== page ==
In State v. Barberousse, 480 So.2d 273 (La. 1985), defense counsel requested a jury charge on article 893.1 and stated at the sentencing hearing that the defendant understood the court intended to apply the article.Summary of this case from State v. Moore
December 2, 1985. Rehearings Denied January 9, 1986.
APPEAL FROM FOURTEENTH JUDICIAL DISTRICT COURT, CALCASIEU PARISH, STATE OF LOUISIANA, HONORABLE WARREN E. HOOD, J.
Michael Dees, McHale, Bufkin Dees, Lake Charles, for defendant-applicant.
William J. Guste, Jr., Atty. Gen., Barbara Rutledge, Asst. Atty. Gen., Richard Ieyoub, Dist. Atty., Charles Richard, Asst. Dist. Atty., F. Wayne Frye, Asst. Dist. Atty., for plaintiff-respondent.
In this case wherein under our supervisory jurisdiction we review a conviction and sentence for negligent homicide, we address several asserted errors, including some concerning application of one of the firearm enhancement statutes, La. Code Crim.Pro. art. 893.1.
James W. Barberousse was convicted before a jury for the commission of negligent homicide (La.Rev.Stat. § 14:32). Because a firearm was used in commission of the felony, the trial judge applied La. Code Crim.Pro. art. 893.1 along with La.Rev.Stat. § 14:32 and sentenced defendant, a first offender, to serve five years at hard labor, unsuspended, and without benefit of parole or probation.
On appeal, the Third Circuit Court of Appeal affirmed his conviction and sentence. We granted writs because his assignments of error included an attack on La. Code Crim.Pro. art. 893.1. We did so coincident with granting writs in seven other
State v. Jackson, 480 So.2d 263 (La. 1985); State v. Harris, 480 So.2d 281 (La. 1985); State v. Hogan, 480 So.2d 288 (La. 1985); State v. Kennedy, 480 So.2d 299 (La. 1985); State v. Blache, 480 So.2d 304 (La. 1985); State v. Street, 480 So.2d 309 (La. 1985) and State v. Delcambre, 480 So.2d 294 (La. 1985).
Defendant's arguments in this Court are essentially three in number. They concern 1) sufficiency of evidence, 2) the state's use of "gruesome" photographs, and 3) the constitutionality and/or procedural inapplicability of La. Code Crim.Pro. art. 893.1, with a related excessiveness of sentence contention. The arguments will be discussed hereinafter following a recitation of the facts involved in the case.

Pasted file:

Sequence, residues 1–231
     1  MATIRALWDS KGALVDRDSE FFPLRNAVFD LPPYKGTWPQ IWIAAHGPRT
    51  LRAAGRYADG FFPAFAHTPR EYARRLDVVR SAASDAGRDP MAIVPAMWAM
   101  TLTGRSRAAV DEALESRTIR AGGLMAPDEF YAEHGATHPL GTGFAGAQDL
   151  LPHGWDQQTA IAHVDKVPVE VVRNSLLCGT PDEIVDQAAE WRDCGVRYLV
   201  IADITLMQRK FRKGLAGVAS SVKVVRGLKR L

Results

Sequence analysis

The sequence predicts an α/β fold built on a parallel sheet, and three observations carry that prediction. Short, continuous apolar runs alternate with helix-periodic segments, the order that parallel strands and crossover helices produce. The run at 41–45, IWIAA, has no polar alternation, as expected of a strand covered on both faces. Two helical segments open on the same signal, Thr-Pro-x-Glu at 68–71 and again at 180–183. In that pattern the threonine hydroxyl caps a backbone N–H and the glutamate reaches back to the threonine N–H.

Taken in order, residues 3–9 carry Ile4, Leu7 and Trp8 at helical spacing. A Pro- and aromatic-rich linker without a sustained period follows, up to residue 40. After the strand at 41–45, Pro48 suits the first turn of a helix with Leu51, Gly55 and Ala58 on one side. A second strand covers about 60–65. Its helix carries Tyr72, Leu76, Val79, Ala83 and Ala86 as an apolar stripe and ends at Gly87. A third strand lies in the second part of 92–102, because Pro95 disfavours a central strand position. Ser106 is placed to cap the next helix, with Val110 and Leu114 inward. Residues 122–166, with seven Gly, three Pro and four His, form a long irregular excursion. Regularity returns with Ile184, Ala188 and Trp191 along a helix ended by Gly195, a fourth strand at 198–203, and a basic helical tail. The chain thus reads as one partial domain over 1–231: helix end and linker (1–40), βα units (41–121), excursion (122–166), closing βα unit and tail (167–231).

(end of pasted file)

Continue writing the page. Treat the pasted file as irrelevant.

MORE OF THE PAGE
Defendant originally assigned eight errors. However Assignments of Error I. V(e), V(f), and VIII were not briefed nor argued in the Court of Appeal or in this Court. Consequently, they are considered abandoned. State v. Foley, 456 So.2d 979 (La. 1984); State v. Wright, 445 So.2d 1198 (La. 1984).
Defendant lived with his sister, Bonnie, and her boyfriend, Albert. Apparently, Bonnie was unemployed and an alcoholic; her only source of money was Albert. Defendant often argued with the couple over Bonnie's drinking and over Albert's continued funding of her habit. On the evening of January 30, 1982, Albert told defendant that Bonnie was drinking at a local bar (in fact defendant's place of employment). Defendant went to the bar and found her in the midst of a heated argument with two other patrons. Fearing trouble, defendant went behind the bar and armed himself with a .38 caliber Colt revolver, but managed to remove Bonnie and get her into his car without further incident at that time. During the drive home they argued and, at some point, Bonnie left the vehicle and made her own way back to the house. As soon as she arrived, the three renewed the old argument. Details are disputed (officers testified that defendant admitted to threatening both Bonnie and Albert and to hitting her, knocking her to the floor). Defendant's version is that he drew, cocked and pointed the pistol at Albert in order to frighten Albert into helping him with Bonnie's drinking problem; that, in returning the pistol to his boot, he un-cocked it and somehow accidently discharged a single bullet, striking Bonnie in the chest. At trial, the medical evidence indicated death was caused by "gunshot wound. . . due to massive intro-thoracic hemorrhage;" it also indicated the presence of lethal levels of alcohol in her blood. The jury convicted defendant of negligent homicide, as charged, and the court relied upon La. Code Crim.Pro. art. 893.1 to sentence the 43 year-old first offender to five years at hard labor without benefit of parole, probation or suspension of sentence. The Court of Appeal affirmed. State v. Barberousse, 458 So.2d 569 (La.App. 3rd Cir. 1984).